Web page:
By Curtis Peter van Gorder
Not so long ago, the various members of our family had different schedules, and as a result, we were seldom able to eat together. I couldn’t help feeling that our family was drifting apart—especially since visiting an Italian friend who taught me what a joy “breaking bread” together can be.
A meal in an Italian home is an event. It’s not about grabbing a quick bite on the run; rather, it’s a time to swap stories, to chat, to debate, to share hopes and wishes. Then, just when you think the meal is finished, another delicious dish is set in front of you. Before you know it, two hours have gone by, and maybe many more. No need for any other evening entertainment; the meal is an event in itself.
We may not often have the opportunity to indulge in an Italian-style feast, but even in our busy lives, surely we can find a way to share a meal. There is a lot of research that supports the benefits of families eating together. The opportunity to talk over a meal strengthens bonds, creating warmth, security, and a sense of belonging. A home-cooked meal is likely to be more nutritious and cheaper than fast food. Younger members of the household learn manners—asking to pass food, not putting elbows on the table, and eating slowly all contribute to the pleasant experience. Language skills are reinforced as we listen and tell stories around the table. Eating together also increases the whole household’s awareness of food preparation—another great way of giving the children a good start in life.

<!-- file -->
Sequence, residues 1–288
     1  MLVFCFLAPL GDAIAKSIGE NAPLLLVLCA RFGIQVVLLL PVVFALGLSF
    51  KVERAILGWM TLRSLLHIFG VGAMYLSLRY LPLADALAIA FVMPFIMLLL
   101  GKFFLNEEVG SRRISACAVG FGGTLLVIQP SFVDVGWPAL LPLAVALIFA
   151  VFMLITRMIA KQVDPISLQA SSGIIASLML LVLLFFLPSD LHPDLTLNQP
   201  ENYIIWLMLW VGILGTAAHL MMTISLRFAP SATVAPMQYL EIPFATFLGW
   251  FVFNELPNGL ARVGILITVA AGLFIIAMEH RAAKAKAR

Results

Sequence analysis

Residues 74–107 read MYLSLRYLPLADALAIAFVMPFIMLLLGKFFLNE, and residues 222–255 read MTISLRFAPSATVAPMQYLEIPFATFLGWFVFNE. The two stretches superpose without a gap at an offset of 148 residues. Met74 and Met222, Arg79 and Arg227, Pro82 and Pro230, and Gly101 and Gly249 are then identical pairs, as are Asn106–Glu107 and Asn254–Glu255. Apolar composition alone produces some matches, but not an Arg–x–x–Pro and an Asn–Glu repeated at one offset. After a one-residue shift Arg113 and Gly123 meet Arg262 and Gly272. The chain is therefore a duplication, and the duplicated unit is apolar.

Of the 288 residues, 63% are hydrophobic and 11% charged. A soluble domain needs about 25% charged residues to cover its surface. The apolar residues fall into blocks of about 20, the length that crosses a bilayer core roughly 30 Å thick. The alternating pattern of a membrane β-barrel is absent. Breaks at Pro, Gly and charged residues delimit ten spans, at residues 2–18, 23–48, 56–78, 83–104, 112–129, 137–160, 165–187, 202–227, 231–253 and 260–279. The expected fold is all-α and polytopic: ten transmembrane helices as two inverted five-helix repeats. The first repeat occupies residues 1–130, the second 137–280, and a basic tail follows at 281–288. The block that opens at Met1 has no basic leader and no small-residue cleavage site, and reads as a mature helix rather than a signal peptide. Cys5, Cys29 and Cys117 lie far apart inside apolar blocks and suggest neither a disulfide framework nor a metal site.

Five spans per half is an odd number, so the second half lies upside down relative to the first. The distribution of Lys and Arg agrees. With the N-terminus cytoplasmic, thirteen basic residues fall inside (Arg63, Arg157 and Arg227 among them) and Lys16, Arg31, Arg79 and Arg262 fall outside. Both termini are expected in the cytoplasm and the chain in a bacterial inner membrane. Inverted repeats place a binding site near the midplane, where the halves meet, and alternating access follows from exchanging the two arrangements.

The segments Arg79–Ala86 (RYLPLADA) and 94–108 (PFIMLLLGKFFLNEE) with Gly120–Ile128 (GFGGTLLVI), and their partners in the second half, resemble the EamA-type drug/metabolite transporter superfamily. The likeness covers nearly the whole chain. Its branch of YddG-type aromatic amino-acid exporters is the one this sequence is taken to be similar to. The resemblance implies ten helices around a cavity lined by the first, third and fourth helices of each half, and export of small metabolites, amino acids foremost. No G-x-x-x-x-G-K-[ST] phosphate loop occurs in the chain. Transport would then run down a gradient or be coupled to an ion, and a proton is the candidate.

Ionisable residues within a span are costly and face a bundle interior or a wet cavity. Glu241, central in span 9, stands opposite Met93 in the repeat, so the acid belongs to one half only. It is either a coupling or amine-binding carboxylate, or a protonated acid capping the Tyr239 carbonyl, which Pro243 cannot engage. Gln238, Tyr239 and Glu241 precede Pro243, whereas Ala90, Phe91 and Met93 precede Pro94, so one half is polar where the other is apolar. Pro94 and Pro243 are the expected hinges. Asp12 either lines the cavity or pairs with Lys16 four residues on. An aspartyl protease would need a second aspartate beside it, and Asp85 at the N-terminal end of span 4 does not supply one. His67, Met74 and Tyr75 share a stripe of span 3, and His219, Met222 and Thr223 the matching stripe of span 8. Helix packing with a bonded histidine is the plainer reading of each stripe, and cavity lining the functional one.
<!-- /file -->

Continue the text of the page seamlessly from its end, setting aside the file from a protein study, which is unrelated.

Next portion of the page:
No matter the composition of your household, taking time to stop and enjoy your food is going to be good for your digestion and emotional well-being. Meals are also a great time to pray for our specific needs and show appreciation to God for what He’s done.
My visit to Italy has inspired me to commit to calling our family together at mealtimes as often as possible. What we get is a lot more than just the food. We receive bonds of love, joy, and togetherness that will last.
Courtesy of Activated magazine. Used with permission. Photo: More Good Foundation via Flickr.